Announcements

Job offersmore »

Tweeting Growers

Top 5 - yesterday

Top 5 - last week

Top 5 - last month

Exchange ratesmore »




Egyptian strawberries exports: Striving to return to international markets

On 18 January, Egypt was struck by a Saudi ban on the import of Egyptian strawberries. The reason was that inspections had showed that some shipments had contained pesticide residues that were higher than acceptable, making them unsafe for human consumption.

The General Authority for Import and Export Control sent an official note to all listed exporters of agricultural crops, informing them of the Saudi ban. The ban could have a negative impact on exports of strawberries this year, leading to losses for exporters, Helmi Eissa, a member of the Agricultural Export Council (AEC), told Al-Ahram Weekly.

The strawberry season starts in November and lasts until April. This means that the season has been hit hard; exporters will be obliged to redirect their produce and sell it at lower prices. Last year, Egyptian exports of strawberries to Saudi Arabia were estimated at 39,000 tons, valued at some $90 million.

Sources say the Egyptian government is in constant contact with Saudi officials and the ban is expected to be lifted soon. An official investigation is underway to discover which company did not abide by the regulations, leading to its removal from the list of exporters kept by the AEC. Two companies were removed in the past by the AEC.

Excessive pesticide residues on Egyptian crops have been a problem that has hindered exports of agricultural goods over the past year, to the United Arab Emirates, Bahrain and Kuwait. This is also not the first time that Saudi Arabia has banned Egyptian crops. It imposed a ban on Egyptian strawberries in July 2017 and on peppers in January 2017.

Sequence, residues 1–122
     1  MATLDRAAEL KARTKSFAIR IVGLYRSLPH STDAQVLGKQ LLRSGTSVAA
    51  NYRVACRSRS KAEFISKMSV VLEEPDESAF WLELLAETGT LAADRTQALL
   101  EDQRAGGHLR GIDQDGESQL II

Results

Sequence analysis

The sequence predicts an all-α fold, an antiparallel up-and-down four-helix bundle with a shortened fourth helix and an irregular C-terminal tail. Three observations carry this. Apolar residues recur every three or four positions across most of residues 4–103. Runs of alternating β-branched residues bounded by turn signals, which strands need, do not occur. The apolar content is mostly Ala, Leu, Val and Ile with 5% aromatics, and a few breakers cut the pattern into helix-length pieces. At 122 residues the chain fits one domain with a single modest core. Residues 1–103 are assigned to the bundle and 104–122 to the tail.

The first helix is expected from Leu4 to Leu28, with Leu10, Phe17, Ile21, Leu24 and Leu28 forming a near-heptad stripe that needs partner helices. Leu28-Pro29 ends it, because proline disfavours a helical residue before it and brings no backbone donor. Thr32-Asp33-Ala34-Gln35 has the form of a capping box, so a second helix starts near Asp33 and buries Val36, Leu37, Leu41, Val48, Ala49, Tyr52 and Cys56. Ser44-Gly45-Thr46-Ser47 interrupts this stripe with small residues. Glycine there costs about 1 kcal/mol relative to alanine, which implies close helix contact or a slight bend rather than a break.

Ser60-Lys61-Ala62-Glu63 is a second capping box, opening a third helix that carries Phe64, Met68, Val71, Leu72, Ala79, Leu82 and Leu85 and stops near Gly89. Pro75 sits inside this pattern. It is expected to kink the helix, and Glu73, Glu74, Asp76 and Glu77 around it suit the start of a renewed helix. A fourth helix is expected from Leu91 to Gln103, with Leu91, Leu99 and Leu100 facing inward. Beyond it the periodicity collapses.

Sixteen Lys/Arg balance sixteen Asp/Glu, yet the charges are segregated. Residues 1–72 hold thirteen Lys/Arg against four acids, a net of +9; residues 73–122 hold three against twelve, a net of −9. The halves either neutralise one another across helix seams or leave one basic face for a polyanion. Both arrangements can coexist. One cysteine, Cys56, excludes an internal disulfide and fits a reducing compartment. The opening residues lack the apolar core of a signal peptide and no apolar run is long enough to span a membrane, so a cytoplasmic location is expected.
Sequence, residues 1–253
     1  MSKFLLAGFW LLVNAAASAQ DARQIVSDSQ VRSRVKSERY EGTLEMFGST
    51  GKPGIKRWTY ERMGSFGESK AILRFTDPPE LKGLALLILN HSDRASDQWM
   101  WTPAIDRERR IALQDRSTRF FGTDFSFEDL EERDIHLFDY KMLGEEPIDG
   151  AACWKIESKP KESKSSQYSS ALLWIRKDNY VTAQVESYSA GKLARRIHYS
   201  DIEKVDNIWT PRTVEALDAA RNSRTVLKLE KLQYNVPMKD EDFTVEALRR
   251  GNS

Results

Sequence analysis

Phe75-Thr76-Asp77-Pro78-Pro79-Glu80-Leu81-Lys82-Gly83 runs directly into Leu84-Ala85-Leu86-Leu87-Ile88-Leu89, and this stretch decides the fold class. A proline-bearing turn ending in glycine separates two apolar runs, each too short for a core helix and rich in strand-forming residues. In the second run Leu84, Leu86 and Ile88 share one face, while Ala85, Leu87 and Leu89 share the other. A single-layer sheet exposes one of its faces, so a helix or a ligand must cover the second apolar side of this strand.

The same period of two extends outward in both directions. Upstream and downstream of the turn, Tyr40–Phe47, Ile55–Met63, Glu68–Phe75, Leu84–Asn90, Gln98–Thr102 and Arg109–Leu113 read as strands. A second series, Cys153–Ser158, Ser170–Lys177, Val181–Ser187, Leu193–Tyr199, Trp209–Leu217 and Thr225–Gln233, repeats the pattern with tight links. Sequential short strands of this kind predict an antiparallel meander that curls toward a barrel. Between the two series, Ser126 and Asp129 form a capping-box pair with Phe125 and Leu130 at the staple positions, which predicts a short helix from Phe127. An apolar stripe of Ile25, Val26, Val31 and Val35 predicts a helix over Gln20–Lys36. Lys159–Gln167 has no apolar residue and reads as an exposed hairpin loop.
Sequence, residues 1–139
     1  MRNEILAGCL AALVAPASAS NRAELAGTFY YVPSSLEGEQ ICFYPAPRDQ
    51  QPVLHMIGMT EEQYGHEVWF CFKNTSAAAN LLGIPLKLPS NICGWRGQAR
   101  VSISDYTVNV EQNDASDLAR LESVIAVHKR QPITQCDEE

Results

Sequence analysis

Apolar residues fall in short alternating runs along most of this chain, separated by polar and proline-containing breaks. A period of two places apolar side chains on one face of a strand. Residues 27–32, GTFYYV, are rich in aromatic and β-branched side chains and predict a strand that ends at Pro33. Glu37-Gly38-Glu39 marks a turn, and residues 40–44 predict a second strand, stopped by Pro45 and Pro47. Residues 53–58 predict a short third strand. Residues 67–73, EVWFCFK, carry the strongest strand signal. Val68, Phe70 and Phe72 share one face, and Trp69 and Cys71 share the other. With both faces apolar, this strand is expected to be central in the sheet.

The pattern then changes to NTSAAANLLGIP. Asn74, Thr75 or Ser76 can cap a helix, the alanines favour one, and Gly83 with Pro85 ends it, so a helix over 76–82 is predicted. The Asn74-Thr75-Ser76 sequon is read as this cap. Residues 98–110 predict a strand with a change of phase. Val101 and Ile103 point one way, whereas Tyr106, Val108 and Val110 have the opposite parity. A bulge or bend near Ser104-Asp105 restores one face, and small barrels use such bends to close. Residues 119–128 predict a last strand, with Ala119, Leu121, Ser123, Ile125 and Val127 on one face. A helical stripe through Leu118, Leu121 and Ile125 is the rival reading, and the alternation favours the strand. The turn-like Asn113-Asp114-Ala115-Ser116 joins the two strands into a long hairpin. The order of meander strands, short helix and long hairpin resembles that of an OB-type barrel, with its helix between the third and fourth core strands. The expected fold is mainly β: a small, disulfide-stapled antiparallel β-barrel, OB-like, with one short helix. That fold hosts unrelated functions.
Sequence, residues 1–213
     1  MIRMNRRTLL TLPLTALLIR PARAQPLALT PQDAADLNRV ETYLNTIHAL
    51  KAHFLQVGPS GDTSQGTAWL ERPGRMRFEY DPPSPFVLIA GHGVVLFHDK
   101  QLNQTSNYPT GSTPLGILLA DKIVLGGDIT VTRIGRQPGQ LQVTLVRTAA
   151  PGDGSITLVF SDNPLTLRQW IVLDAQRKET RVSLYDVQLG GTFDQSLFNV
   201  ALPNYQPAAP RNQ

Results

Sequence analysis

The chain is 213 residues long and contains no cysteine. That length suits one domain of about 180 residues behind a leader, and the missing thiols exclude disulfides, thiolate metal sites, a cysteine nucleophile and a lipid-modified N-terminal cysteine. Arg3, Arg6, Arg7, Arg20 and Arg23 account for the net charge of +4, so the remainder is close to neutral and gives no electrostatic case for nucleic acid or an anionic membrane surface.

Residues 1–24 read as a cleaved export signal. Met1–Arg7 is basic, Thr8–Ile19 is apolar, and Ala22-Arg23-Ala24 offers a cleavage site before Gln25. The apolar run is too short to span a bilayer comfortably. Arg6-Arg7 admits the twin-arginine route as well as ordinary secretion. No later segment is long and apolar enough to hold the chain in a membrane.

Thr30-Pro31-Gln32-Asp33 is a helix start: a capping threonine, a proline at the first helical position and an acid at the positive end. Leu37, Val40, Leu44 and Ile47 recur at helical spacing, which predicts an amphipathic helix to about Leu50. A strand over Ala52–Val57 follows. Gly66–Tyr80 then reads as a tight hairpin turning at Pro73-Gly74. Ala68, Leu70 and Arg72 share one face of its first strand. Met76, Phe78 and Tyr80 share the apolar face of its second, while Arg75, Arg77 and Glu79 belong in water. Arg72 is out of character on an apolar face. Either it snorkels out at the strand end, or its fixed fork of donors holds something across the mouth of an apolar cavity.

However, the Saudi ban seems to also have had a positive effect, since it has led to a new export-control system. “All the countries that import our products are satisfied with the new system and accept the Egyptian laboratory certificates. It may take some time, but Saudi Arabia will eventually accept the system as well,” Eissa added.

Publication date: 2/7/2018

 


 

Other news in this sector:

8/14/2018 UK: £90 million to help feed the 9 billion
8/14/2018 Spain: Pink Barbastro tomato production may reach 2.1 million kilos
8/14/2018 New Zealand: Report shows need to protect Pukekohe food hub
8/14/2018 Australia: Growcom supports crackdown on labour hire licensing
8/13/2018 Scottish growers face shortage of seasonal workers
8/13/2018 AU: Growers face another peak berry season unable to sell fruit
8/10/2018 Italy: Farm workers protest after migrant crash deaths
8/10/2018 Tomato woes across European market
8/10/2018 US: Farm share of retail price of head lettuce rose in 2017
8/10/2018 UK: Broccoli price up 25% due to heatwave
8/10/2018 Commission gives EU farmers ‘temporary relief’ amid extreme droughts
8/9/2018 African Development Bank President calls for technology transfer to farmers
8/9/2018 Australia: Strong potential for horticultural growth in Mid West
8/9/2018 Heatwave pushes up UK fruit and vegetable prices as yields fall
8/9/2018 Canadian hot pepper season about to begin
8/9/2018 US (CA): Spinach production eases back for summer
8/7/2018 “Crisis in tomato sales, cucumbers doing very well”
8/7/2018 World demand for Mexican chillis and peppers increases
8/7/2018 "Sales of tomato specialities to Chinese consumers are rising, both offline and online"
8/7/2018 Getting global attention for greenhouse technology to feed the world population